April 5 (UPI) -- Scientists have identified the remains of six to eight tiny embryos inside the womb of a 180 million-year-old ichthyosaur specimen. The ancient reptile was pregnant with octuplets when she passed away.
The Early Jurassic ichthyosaur was found in 2011 in northeast England. It was owned by fossil collector Martin Rigby, who suspected the specimen housed a block of embryos. Dean Lomax, a paleontologist at the University of Manchester, confirmed Rigby's suspicion. Upon Lomax's recommendation, the Yorkshire Museum acquired the fossil for further analysis.
Ichthyosaurs were dolphin-like reptiles that gave birth to live young. They hunted and ate other small reptiles and fish.
Yorkshire's Jurassic strata have yielded hundreds of ichthyosaur fossils, but never ichthyosaur embryos. Of the handful of embryo-carrying ichthyosaur specimens found in Britain, the latest fossil is the youngest, hailing from the Toarcian stage of the Jurassic.
The fossil is contained within a small boulder. When paleontologists cut it in half, they found a few large rib bones and several vertebrate disks. They also found at least six tiny embryos, and probably eight.
"We also considered the possibility that the tiny remains could be stomach contents, although it seemed highly unlikely that an ichthyosaur would swallow six to eight aborted embryos or newborn ichthyosaurs at one time," Manchester researcher Mike Boyd said in a news release. "And this does not seem to have been the case, because the embryos display no erosion from stomach acids. Moreover, the embryos are not associated with any stomach contents commonly seen in Early Jurassic ichthyosaurs, such as the remains of squid-like belemnites."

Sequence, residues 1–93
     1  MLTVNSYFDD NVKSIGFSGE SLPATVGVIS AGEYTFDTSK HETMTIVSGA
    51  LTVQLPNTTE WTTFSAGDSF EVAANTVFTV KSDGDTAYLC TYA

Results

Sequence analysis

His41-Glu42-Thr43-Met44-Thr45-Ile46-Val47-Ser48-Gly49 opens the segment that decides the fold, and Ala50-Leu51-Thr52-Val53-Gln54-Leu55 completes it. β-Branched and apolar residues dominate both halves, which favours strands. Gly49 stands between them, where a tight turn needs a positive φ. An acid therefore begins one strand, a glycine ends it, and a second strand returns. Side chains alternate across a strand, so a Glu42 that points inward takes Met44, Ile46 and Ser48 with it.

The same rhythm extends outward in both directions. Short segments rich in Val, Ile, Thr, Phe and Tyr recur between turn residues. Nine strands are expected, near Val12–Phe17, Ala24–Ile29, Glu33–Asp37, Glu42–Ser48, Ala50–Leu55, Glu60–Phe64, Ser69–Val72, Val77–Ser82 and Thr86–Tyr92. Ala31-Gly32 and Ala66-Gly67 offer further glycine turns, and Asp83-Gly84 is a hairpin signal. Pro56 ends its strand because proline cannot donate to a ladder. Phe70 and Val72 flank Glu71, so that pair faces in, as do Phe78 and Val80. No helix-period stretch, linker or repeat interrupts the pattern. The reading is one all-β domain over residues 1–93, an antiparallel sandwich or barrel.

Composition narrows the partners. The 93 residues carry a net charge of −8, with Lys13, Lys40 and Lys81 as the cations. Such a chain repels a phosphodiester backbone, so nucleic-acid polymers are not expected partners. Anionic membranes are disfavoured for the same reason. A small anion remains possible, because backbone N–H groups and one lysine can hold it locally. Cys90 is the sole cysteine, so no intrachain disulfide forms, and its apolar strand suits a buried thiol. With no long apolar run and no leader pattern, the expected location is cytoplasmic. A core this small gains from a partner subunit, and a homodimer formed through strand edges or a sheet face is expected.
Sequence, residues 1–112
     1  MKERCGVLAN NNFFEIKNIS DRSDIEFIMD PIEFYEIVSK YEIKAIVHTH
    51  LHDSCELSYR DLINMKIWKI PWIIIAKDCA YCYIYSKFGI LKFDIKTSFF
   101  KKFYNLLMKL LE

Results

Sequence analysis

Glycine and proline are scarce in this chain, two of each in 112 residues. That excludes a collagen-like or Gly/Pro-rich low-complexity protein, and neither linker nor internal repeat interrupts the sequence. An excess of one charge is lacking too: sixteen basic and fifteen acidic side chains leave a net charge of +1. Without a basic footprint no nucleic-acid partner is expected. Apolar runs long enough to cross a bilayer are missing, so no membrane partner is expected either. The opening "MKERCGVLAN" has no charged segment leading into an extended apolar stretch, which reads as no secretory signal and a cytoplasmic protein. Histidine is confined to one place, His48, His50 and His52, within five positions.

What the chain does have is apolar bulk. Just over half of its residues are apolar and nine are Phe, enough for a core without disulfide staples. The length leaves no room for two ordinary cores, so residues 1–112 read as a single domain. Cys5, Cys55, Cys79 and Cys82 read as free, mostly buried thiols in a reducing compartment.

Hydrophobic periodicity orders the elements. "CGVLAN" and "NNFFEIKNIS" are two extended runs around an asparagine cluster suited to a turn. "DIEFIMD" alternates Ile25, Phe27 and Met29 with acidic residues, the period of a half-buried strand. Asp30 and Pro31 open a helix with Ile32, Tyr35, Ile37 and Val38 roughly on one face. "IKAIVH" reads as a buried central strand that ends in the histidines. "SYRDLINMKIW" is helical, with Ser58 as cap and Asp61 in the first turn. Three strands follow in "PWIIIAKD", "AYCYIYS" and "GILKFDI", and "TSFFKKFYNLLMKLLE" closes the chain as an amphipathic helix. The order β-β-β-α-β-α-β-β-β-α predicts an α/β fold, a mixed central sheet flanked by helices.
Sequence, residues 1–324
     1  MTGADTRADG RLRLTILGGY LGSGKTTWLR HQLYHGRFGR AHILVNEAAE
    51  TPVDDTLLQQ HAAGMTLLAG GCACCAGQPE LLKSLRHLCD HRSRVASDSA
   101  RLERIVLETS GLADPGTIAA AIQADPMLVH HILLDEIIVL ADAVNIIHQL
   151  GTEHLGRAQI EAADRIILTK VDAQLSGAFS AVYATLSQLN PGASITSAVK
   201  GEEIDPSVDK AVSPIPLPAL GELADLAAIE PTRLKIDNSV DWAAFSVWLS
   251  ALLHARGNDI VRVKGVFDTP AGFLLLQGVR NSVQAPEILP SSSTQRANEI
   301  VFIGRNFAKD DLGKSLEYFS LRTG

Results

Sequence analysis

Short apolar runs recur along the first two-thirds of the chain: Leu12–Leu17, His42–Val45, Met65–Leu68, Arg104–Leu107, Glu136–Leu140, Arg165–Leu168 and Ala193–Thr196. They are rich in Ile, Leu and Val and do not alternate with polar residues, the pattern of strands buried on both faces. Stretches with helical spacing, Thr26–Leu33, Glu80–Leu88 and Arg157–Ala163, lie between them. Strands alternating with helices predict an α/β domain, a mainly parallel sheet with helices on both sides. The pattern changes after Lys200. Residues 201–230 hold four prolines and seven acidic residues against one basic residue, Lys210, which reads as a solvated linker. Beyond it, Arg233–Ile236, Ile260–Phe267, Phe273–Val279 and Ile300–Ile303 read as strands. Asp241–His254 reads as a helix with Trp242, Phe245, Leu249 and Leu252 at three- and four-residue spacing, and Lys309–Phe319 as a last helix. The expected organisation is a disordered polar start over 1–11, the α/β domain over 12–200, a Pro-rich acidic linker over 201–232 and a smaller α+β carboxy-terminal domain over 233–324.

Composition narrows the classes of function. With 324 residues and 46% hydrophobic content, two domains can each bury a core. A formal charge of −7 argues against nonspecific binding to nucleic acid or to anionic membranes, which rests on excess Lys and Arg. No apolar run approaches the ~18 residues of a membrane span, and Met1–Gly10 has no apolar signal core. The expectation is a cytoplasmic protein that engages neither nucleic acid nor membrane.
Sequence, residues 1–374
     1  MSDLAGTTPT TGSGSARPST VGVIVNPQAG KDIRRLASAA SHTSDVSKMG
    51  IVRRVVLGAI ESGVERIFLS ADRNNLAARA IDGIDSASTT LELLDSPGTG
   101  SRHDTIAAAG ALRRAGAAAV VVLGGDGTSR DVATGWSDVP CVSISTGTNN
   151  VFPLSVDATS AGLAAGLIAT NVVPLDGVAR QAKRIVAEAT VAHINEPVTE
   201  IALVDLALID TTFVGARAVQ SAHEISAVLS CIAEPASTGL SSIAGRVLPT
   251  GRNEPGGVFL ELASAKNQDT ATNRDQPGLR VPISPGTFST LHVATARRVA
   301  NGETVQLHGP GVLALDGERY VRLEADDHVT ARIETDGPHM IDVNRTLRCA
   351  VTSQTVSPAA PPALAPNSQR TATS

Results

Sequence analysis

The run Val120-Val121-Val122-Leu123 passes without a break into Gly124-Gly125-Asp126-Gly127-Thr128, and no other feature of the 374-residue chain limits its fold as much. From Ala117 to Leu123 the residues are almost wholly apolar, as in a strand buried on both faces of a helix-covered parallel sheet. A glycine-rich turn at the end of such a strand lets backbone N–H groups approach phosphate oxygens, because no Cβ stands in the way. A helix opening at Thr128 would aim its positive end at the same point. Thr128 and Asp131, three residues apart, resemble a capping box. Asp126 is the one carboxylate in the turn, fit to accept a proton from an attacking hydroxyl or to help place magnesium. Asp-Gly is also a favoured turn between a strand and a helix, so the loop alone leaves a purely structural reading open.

Scientists aren't yet sure of the specimen's species, but the most common type of ichthyosaur found carrying embryos is Stenopterygius. More than 100 Stenopterygius ichthyosaurs have been found with embryos inside their wombs, several dozen in Germany.
"The German sites are approximately the same age as the new specimen from Whitby and it is possible that the new specimen is also Stenopterygius, but no identifiable features are preserved in the adult or embryos. Nonetheless, this is an important find," Dean said.
Researchers shared their analysis of the octuplet-carrying ichthyosaur in a new paper published this week in the journal Proceedings of the Yorkshire Geological Society.